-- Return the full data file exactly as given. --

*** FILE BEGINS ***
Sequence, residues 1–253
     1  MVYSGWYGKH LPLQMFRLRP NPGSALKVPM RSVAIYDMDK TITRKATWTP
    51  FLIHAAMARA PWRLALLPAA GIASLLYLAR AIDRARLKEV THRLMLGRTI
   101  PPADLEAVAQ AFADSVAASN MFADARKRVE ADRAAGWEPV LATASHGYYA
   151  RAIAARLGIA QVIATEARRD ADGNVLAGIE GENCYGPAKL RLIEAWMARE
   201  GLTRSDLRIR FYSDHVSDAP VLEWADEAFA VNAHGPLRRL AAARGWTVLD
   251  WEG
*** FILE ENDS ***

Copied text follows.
Sequence, residues 1–253
     1  MVYSGWYGKH LPLQMFRLRP NPGSALKVPM RSVAIYDMDK TITRKATWTP
    51  FLIHAAMARA PWRLALLPAA GIASLLYLAR AIDRARLKEV THRLMLGRTI
   101  PPADLEAVAQ AFADSVAASN MFADARKRVE ADRAAGWEPV LATASHGYYA
   151  RAIAARLGIA QVIATEARRD ADGNVLAGIE GENCYGPAKL RLIEAWMARE
   201  GLTRSDLRIR FYSDHVSDAP VLEWADEAFA VNAHGPLRRL AAARGWTVLD
   251  WEG